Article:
Romantic Novelists' Association

An Escape To Provence By Sophie Claire

25 July 2022

Cover of Escape to ProvenceWe are delighted that you could join us to talk about your new release. Could you tell us a little more about it?
An Escape To Provence is a sensual romance about healing past hurts and daring to open your heart again: When cynical divorce lawyer Daisy Jackson unexpectedly inherits a ramshackle farmhouse in Provence, she sets off for the French countryside to oversee renovations herself. But Gabriel Laforet has other ideas. A local builder with ties to the property, Gabriel is determined to see Daisy off and preserve the characterful, charming farmhouse – which, but for a missing will, he knows is rightfully his. When the two meet, it’s clear they couldn’t be more different: Gabriel has lived in the small country village all his life; Daisy is a city girl whose career means everything. He is laid-back and messy; she is used to being in control. As they begin to work together, sparks fly. Yet they’re inexplicably drawn to each other and, in the heat of the Provence sun, secrets begin to spill. Perhaps Daisy can trust him with her carefully guarded heart after all? But Gabriel is still searching for the missing will that proves the farmhouse belongs to him – and in doing so, risks upturning everything he and Daisy have started to build together . . .

What was the inspiration behind your book? What prompted you to tell this story?
The idea was loosely inspired by the real story of a friend’s brother whose will couldn’t be found after his death so he died intestate: it caused a lot of upset within the family. I like to set my books in France so I began researching inheritance laws and I was fascinated to learn that in France you can write your own will without any legal help (un testament olographe) – this fired my imagination even more! What if a will was written then lost? I loved the idea of my hero and heroine both claiming ownership of the same house, and being invested in its renovation (while having opposing views on how it should be done!).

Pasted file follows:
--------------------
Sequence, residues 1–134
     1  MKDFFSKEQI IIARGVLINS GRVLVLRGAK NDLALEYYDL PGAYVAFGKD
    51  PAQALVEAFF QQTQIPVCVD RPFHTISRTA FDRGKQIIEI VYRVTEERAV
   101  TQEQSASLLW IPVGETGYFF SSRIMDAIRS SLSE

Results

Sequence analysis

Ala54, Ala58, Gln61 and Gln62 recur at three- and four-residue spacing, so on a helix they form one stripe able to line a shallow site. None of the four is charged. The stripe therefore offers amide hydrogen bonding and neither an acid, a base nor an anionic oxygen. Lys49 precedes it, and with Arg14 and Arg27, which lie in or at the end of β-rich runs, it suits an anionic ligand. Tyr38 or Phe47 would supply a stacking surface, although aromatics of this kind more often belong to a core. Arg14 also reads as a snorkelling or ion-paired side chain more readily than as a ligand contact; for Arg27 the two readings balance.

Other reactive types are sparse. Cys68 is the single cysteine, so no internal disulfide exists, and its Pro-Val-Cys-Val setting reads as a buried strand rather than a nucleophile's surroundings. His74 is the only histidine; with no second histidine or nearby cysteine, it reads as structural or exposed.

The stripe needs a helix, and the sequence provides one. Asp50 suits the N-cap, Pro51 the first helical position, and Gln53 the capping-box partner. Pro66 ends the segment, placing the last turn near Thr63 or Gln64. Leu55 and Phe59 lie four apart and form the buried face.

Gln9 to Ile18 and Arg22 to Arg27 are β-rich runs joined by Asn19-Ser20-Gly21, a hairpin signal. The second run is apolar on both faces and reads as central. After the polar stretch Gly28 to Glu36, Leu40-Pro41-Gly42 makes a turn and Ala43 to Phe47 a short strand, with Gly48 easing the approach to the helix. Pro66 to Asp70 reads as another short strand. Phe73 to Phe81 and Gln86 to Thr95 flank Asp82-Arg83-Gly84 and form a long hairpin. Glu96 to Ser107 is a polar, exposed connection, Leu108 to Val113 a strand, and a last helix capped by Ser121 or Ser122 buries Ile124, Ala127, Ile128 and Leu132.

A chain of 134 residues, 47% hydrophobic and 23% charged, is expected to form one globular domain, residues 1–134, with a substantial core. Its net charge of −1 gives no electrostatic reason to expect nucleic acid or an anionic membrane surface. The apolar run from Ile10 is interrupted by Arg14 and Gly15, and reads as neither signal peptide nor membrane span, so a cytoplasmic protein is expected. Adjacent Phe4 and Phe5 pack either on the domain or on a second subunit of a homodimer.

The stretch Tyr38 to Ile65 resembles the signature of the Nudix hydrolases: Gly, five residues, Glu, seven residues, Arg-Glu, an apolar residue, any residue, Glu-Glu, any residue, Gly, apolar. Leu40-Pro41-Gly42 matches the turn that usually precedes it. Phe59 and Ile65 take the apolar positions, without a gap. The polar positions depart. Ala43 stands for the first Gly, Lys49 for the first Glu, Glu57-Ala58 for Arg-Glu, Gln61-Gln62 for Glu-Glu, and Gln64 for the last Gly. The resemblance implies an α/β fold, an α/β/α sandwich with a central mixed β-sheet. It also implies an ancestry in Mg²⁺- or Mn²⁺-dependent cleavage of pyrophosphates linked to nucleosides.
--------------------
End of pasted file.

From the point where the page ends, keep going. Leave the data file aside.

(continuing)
How did you decide on the setting for your book?
The setting was easy: I love to set my books in Provence as my mum is French and we spent my childhood summers at my grandparents’ house there. I’m especially drawn to the quieter areas inland and away from the glitzy Riviera, where life is slow and there’s a strong sense of history and tradition. I suppose at the back of my mind were the landscapes and passions of Pagnol’s book, Jean de Florette, with a little of Peter Mayle’s A Year in Provence thrown in too (especially because Gabriel is a builder and his laid-back attitude infuriates Daisy!). But mostly I drew on my visits to the area: the strong sense of community and tradition, and the beauty of the place. Daisy is a city girl and I enjoyed introducing her to Provence. At first she’s horrified by how quiet and isolated it is, but bit by bit her attitude changes, and Gabriel’s love of the place begins to colour her perspective. He teaches her to slow down and she realises how lonely her busy life in London was. Living in such a tranquil place helps her confront her fears and to live more mindfully.

How long did the book take to write? How much re-writing do you normally do?
This book was unusual because it was written in two parts. I began writing it in 2018 and was halfway through when I signed my first contract with Hodder. They asked me to write a Christmas book (A Winter’s Dream) so I put this one aside for a year, then came back to it. I must confess, it took me a little while to get back into the story, but fortunately I had made lots of notes for myself and, in the end, it was a delight to be transported to sunny Provence in a fictional heatwave. I finished it at the start of the pandemic when foreign travel was not possible, and I relished escaping in my imagination to this beautiful sunny place. I really hope my readers will enjoy being transported there too.